by: Janette BlackwellRaw vegetables are dangerous and must be thoroughly fried, steamed, and boiled into submission. So thought our ancestors. The original sin of a recalcitrant vegetable was of course lessened by heat, but the conscientious nineteenth-century cook continued to boil it long after it had sogged into a jelly-like mass, just in case some evil remained.
In the nineteenth century an hour’s cooking barely sufficed for cabbage and for corn on the cob. They did not fix broccoli at all, and I can understand why. I have tried to imagine broccoli after an hour of cooking, but the mind rares back and refuses even to approach the sheer horror.
Which reminds me of an event in the summer of 1956, when my classmate Patsy Sutherland and I lived with Grandpa Hess while we went to business college in Missoula, Montana. Grandpa was a crusty old widower, set in his own way of housekeeping, but he tried to be gracious. In midsummer he bought a whole crate of tomatoes. Luscious, red, ripe tomatoes. They sat in the cellarway for two days, and each time Patsy and I passed them our mouths watered. Each evening we thought he’d invite us to have a tomato or two, but he didn’t. When we arrived home on the third evening, he said, “Girls! I fixed the tomatoes today. Help yourselves!”
He had stewed every last one of them.
Some of those old tomato recipes are good, though. The originator of Tomatoes Maryland probably had an old-fashioned wood stove that could gently simmer something all afternoon on a back burner or in the oven. Which means this was most likely a fall or winter dish rather than a summer one, as people let the cookstove fire go out on summer afternoons.
Break into bits 2 slices of stale bread. Add to 4 cups canned or fresh tomatoes, peeled and quartered, with half an onion, chopped, and about 2/3 cup brown sugar. Salt lightly.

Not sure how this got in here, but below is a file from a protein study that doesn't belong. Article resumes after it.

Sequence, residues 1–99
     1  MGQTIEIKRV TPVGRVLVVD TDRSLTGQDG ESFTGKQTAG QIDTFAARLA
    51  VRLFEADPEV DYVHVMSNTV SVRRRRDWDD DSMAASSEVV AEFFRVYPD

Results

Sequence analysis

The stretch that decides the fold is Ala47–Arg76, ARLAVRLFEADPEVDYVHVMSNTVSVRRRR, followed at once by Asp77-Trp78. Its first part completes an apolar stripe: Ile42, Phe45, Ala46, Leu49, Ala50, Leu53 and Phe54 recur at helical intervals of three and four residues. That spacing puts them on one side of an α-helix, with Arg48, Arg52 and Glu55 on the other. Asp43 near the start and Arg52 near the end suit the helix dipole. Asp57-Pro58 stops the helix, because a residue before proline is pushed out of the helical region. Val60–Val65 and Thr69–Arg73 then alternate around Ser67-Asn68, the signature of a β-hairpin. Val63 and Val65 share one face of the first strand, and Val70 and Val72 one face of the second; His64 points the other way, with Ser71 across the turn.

Bring the mixture to a boil and simmer gently for 3 hours, stirring occasionally.
My notes say, “It does need three hours to cook, even with the pan lid off most of the time. Perhaps some of the thin tomato juices could be poured off at the beginning, shortening the cooking time.”
Tomatoes Maryland is the kind of sweet side dish American cooks like to serve with chicken or pork. I was going to say, “cooks from regions other than the Northeast.” Then I remembered applesauce with pork, cranberry sauce with turkey, mint jelly with lamb, and baked beans with salt pork. Not to mention pancakes and syrup with sausages cuddled up close. And mincemeat pie, that ultimate mixture of meat and sweet. (And, yes, real mincemeat, as opposed to a packaged mix, does contain meat.)
I will add that some people of Grandpa’s generation did eat diced raw garden tomatoes for breakfast, just as one would eat strawberries, with sugar and cream. You see, it was safe to eat them raw with sugar and cream, because the tomatoes then ceased to be a vegetable and became a fruit.
And actually those old-time breakfasters were right. Fresh vine-ripened tomatoes are good with sugar and cream. Let’s face it, most things are good with sugar and cream. And of course tomatoes really are a fruit.
About the author:
Go STEAMIN’ DOWN THE TRACKS WITH VIOLA HOCKENBERRY, a storytelling cookbook -- and find Montana country cooking, nostalgic stories, and gift ideas -- at Janette Blackwell’s Food and Fiction, http://foodandfiction.com/Entrance.htmlOr visit her Delightful Food Directory, http://delightfulfood.com/main.html